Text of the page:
Sunday, April 10, 2016

Wynne, Hoskins, and the Red Meanies

It should be obvious to everyone by now that I'm a junkie for cartoons.

I was also a huge Beatles fan as a teenager. It should come as little surprise, then, that I've always had a soft spot for movie Yellow Submarine, the cartoon that brings the Beatles to Pepperland to thwart the Blue Meanies.

I bring this up because throughout my salad days, "Blue Meanie" has been as accurate an expression I can think of to describe conservative politicians, in Canada and elsewhere (yes, I know the color scheme is the opposite in the U.S.). Whether "red" or "blue", conservatives almost take pride in being mean...dour, angry, and chronically pissed off, even when they wield near-absolute power.

It takes only a handful of election cycles, of course, to realize that one side of the political spectrum is really no better than the other. Pandering, scaremongering, and corruption can find a home in any political party (as can their pals dishonesty, ego, and self-righteousness, but I digress).

Nevertheless, I find the latest health-care "solution" in Ontario to be something of a head-scratcher, both in terms of the idea and its political fate.

Ontario backtracks on deductibles hike for seniors above low income threshold

For the moment, let's set aside the scandals and missteps that currently plague the Ontario Liberals, and scrutinize the policy on its details.

For reference, the average senior under eighty fills 35 scripts a year. After age eighty, that number more than doubles to 74.

There were three components to the Liberal plan:

  1. Raising the low-income threshold at which seniors have to pay the full deductible.
  2. Increase the deductible by $70 per year, which doesn't apply to low-income seniors.
  3. Increase the co-pay per prescription by $1.
The net result is an average increase of $105 annually to young seniors (for total spending on medication of about $420) and $144 to more elderly seniors (for total medication spending around $700).

How much seniors should pay towards their own prescriptions is really a matter of ideology and politics rather than policy. The problem is that the using a "low-income threshold" to determine deductibles is a regressive policy, bordering on cruel. 

Why? Because a hard threshold doesn't work the same way progressive income taxes do. I pay the same tax on the first $20,000 of income that anyone else does, whether they make $25,000 or $25 million. Past that, however, I only pay more tax on the amount above that $20,000.

Under this proposal, a senior making $1 under the threshold pays an average of $70 for their medication (assuming 35 scripts per year) until age 80. A senior making $1 more than the threshold instantly pays $420, which leaves her hundreds of dollars poorer than her low-income neighbour. To make matters worse, a millionaire senior pays not a penny more for his pills than his former gardener, who's scraping by just above the low-income line.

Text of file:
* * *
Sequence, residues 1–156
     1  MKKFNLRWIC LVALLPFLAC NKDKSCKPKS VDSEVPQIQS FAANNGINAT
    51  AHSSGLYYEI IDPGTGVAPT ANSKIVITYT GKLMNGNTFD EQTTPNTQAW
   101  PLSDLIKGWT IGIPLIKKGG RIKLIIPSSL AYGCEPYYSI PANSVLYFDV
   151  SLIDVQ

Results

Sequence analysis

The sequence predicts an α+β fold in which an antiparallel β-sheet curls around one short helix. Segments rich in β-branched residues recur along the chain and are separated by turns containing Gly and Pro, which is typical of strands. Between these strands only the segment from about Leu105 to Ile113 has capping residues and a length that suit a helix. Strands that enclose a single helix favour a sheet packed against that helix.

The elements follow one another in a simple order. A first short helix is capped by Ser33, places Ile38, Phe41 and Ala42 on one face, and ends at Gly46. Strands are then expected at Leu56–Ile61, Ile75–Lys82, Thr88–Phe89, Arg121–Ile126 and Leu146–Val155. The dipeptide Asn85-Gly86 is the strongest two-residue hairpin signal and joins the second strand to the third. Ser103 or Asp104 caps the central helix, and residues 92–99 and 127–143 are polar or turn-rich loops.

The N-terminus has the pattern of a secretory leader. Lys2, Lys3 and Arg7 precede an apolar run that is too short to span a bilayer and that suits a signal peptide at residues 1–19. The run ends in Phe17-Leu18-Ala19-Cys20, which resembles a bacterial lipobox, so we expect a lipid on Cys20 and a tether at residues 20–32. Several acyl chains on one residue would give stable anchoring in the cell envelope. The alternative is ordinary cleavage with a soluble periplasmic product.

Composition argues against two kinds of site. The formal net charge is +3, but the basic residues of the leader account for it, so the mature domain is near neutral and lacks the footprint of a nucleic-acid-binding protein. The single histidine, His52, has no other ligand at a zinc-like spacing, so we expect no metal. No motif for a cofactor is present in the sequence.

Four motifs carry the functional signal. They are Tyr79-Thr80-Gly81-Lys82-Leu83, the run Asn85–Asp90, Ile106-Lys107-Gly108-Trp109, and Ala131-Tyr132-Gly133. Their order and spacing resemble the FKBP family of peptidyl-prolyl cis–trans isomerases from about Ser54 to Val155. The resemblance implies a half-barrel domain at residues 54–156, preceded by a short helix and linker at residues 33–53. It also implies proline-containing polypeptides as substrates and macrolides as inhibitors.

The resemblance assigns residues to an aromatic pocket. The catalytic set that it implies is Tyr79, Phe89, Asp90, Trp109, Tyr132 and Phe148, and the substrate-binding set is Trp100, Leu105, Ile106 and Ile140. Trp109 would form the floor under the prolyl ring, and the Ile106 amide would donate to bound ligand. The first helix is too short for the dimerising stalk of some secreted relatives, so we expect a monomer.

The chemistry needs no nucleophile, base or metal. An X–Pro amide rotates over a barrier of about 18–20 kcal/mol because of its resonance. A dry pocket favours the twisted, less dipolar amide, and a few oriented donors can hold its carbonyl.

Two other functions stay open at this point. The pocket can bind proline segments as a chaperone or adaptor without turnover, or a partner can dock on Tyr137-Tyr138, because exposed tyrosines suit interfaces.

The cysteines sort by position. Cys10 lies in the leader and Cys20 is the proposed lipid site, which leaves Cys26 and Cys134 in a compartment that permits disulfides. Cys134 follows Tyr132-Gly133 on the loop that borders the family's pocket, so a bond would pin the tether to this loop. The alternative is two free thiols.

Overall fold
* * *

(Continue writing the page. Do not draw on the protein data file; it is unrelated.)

Moreover, the threshold is applied uniformly across the province, without regional adjustments for cost of living. Consider the high cost of food and fuel in the north, or higher property taxes in the big cities. The added costs of prescriptions under this plan can amount to a month or more's worth of food.

No wonder the plan blew up in the government's face as seniors' groups screamed bloody murder. Yes, under the new thresholds, thousands more seniors will no longer need to decide between food and medication. That's a good thing in a country as wealthy as Canada. But the Liberals now have to backpedal on their ill-conceived idea to the tune of at least $100 million per year, at a time when everyone can't stop moaning about health care costs. 

Does anybody realistically think the government can go down this road again before the next election? Relations with doctors are as toxic as they've been in decades, the Feds haven't declared a desire to ratchet up health spending, and the province is all-in on beefing up the LHINs. Where are the savings supposed to come from? 

What's even more frightening is that these are back-of-a-napkin calculations that even a child could do (if, I suppose, they could grasp the arcane math curriculum, but I digress once more). That same child could probably predict the political backlash just as easily. 

Both the Minister and Deputy Minister of Health in Ontario are doctors, and a plan this awful should never have seen the light of day. For God's sake, it violates the modern-day Oath of Hippocrates, which specifically mentions the significance of economics in the care of the sick

It's more likely that this boner of a policy represents a genuine lack of foresight more than anything else. In fact, I hope it does, for the sake of my understanding of politics (or at least how they relate to cartoons). Because if this wasn't just a giant brainfart, we need to fire up the engines on that yellow submarine...the Beatles have a whole new breed of Meanies to contend with.


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